Creating Confidence in Seconds
Confidence: a simple word that can have complex implications on our life. It impacts how we treat others, how others treat us, and ultimately how we treat ourselves. It influences the way we interact with the world, opportunities we do or do not take, our goals and what we believe is possible for our life. Confidence, or our lack thereof, shows up in every aspect of our life.
So where does confidence come from and how can we gain more of it? People often confuse confidence and self-esteem. Confidence is derived from numerous sources, such as our experiences in crucial situations, our genetics and appearance, our performance on various tasks, the messages we receive from peers and family, etc. While self-esteem exists in an internal manner, confidence manifests itself externally. However, the two certainly impact one another as low self-esteem is often linked to low confidence levels and vice versa. The wonderful news is that confidence is fluid and constantly evolving. It has the ability to increase or decrease by the day, even by the second. This is because we have the power and ability to control our confidence at any moment. That’s right. We hold the power to determine our confidence level.
* POSITIVE SELF-TALK
Unsurprisingly, the way we talk to ourselves has a prevailing effect on our confidence levels. In fact, research shows that people who practice positive self-talk have a greater ability to solve problems, overcome hardships, and reduce levels of stress and anxiety. They also report living a higher quality of life than their counterparts who are more prone to practice negative self-talk.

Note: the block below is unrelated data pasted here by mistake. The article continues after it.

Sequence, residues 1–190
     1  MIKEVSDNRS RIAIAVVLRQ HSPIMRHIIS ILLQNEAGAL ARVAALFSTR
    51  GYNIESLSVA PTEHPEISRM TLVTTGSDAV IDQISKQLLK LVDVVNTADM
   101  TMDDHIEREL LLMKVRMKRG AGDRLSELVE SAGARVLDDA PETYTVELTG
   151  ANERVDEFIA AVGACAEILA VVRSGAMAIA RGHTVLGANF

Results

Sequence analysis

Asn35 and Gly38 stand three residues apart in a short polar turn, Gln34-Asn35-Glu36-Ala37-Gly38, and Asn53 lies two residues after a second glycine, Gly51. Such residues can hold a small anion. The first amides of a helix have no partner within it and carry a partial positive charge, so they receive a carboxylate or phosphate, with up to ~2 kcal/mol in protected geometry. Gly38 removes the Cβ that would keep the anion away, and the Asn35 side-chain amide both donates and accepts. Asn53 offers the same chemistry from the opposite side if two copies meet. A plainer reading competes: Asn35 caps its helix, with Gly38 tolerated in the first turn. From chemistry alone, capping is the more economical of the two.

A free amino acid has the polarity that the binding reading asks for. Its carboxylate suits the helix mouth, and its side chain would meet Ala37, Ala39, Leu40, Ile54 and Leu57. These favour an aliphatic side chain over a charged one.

To practice positive self-talk, you must first be consciously aware of the inner dialogue you create about yourself. This means monitoring your thoughts as they pop into your mind and taking control of them. If you are creating thoughts that say you are not good enough, unworthy, stupid, unattractive, or the millions of other hateful things we tell ourselves, shut them down immediately. They will only cause you harm and have no place in a healthy mindset. Instead, shift the dialogue, either out loud or internally, to be uplifting and optimistic. For example, when you are facing a new challenge and questioning your ability to succeed, instead of telling yourself “I have no idea what I am doing and am going to fail,” say this: “I have overcome many challenges in the past and will find a way to succeed right now.” It is all about changing the negatives to positives.
We use the tool of visualization every time we daydream, imagine the future, or think about our behavior without actually engaging in the action. Visualization is simply our imagination’s collection of mental images. Visualization is a critical tool for many athletes and professionals who need to perform. For example, every time a baseball pitcher steps up to the plate, he visualizes the execution of the ball into the catcher’s mitt. A Formula One driver visualizes his hands cutting the wheel tightly around turns before he ever steps onto the track. Research reveals that by simply visualizing a specific behavior or outcome, we increase the probability that it actually occurs.
So, the next time you are about to step into a stressful job interview or onto the field for an imperative game, remember to visualize yourself executing every behavior required for success. Create a mental play reel of yourself answering every question in the interview with a smooth and confident dialect. Imagine your posture, your hand gestures, your facial expressions just as you want them to occur in real life. If you can imagine yourself successful in each action, your confidence during the actual performance will be much higher than had you visualized failure or not prepared at all.
By Aubrey Koel, LPC | September 09, 2019